As a high school teacher, I pride myself on being firm but fair. I stress this to my students from the get-go when I give them an overview of their course and background on myself as their teacher.
Naturally, I inform them I will inspire and assist them as best as I can and I will aim for our classes to be fun and enjoyable. I also remind the students they are at school to work, learn, and grow, and that it is both my responsibility and duty to ensure that happens.
While I mix in plenty of jokes and display abundant enthusiasm in my instruction, with such a philosophy you can imagine I don’t win many Mr. Popular or Coolest Teacher of the Year awards the first year I teach a student. Yet, in the end, I thankfully earn their respect and appreciation.
If nothing else, my students come to know I have their best interests at heart and that I will always challenge them to achieve their full God-given potential.
My teaching career also provides lots of practice opportunity for parenting.
As the father of three young children, I certainly want our kids to like “Daddy” and for us to have loads of fun together. But I also feel it worthwhile they recognize from an early age the importance of principles like respect, hard work, and accountability.
I want our kids to apply themselves as much as they can and to strive for great heights in everything they do. In other words, as I often tell my students, “do your best and let God do the rest.”
In a world where we can be fed messages promoting the easy way or path of least persistence, my wife and I prefer to present to our children the teachings of St. Paul, who directs us to fight the good fight and to run our race to its completion, always holding faith the Lord will guide us along the way. (2 Timothy 4:7)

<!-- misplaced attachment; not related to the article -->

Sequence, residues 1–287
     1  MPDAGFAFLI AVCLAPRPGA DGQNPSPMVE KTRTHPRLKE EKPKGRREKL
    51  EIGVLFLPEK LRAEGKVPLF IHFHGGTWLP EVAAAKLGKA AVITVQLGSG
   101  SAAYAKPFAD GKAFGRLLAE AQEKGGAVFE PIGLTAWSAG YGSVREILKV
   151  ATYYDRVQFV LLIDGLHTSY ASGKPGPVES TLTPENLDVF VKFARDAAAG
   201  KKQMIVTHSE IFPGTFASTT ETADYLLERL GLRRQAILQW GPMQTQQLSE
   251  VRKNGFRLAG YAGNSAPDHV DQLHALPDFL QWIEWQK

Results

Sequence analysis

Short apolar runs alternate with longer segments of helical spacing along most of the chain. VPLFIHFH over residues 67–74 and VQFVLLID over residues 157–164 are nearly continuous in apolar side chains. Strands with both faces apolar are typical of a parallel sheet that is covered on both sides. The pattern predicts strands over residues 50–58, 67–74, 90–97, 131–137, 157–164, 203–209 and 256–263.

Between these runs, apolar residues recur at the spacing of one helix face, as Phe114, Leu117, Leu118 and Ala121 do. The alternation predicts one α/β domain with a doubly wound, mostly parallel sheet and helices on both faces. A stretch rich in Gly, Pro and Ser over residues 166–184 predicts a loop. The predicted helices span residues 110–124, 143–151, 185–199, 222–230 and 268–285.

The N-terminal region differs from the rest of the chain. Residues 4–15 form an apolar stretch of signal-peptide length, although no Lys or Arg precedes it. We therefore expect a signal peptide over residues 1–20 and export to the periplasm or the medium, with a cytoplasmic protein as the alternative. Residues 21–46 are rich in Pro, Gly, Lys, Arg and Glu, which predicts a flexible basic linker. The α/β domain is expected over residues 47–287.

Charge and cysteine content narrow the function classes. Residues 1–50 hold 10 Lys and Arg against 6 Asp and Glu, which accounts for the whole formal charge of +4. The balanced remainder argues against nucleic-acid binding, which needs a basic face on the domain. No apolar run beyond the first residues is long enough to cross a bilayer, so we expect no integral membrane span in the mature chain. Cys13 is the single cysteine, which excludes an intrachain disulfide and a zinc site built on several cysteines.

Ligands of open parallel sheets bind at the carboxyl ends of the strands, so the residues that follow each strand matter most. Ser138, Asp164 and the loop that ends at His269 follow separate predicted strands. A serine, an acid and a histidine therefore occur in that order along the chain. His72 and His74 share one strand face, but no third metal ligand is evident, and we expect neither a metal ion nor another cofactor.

Understandably, this approach can sometimes be met with resistance from our little ones, and it can be a delicate balance to encourage our kids without placing too much pressure or expectation on them.
Coming out of the Christmas break last month, schools in our region announced they would remain closed in order to help limit the spread of the coronavirus. The eventual four-week period of virtual at-home schooling carried with it a fair share of stresses, as my wife and I aimed to balance our professional schedules with our two sons’ education programs and our daughter’s preschool activities.
Wanting to follow their teachers’ thorough lesson plans and to ensure our boys’ continued learning despite their absence from class, I – like so many other parents, surely – struggled between pushing our kids to work versus overwhelming them with expectations.
Clearly, there’s a difference between not meaning for our children to fall behind in curriculum and overworking them to a point where they trade in their enjoyment of school for resentment toward their parents.
This dilemma can certainly test me in my role as Daddy, particularly when placed beside my role as a teacher.
As an educator, I know far too well the dangers of lazy or absent work ethic, and I fully support early level schooling as foundational for future success and healthy work habits.
But as much as I appreciate the need to keep our kids engaged in learning during these pandemic-related remote-schooling programs, there’s another side of the coin that cannot be overlooked.
As a parent, I can equally understand the pressures on students of all ages and the difficulties facing them – whether those are linked to long stretches in front of a computer screen, relying on help from parents unfamiliar with course content in order to complete assigned tasks, or any number of other challenges.
This is why, as a dad, I catch myself also remembering the need to allow our kids ample opportunity to play, explore, discover, and have fun. After all, isn’t that the innocence and joy that Jesus calls all of us to display? (Matthew 19:14)
Unquestionably, I want the very best for our kids long-term – a strong education, a prosperous and rewarding career, security for their future family, and myriad unknown possibilities.
In the meantime, though, whether it be school or any other facet of life, as parents, we must be quick not to press our kids too hard or damage their confidence and joy.
As we plant seeds for our children’s personal development by emphasizing diligence and dedication, let us never forget to till the soil by always cheering them on and encouraging them to have fun.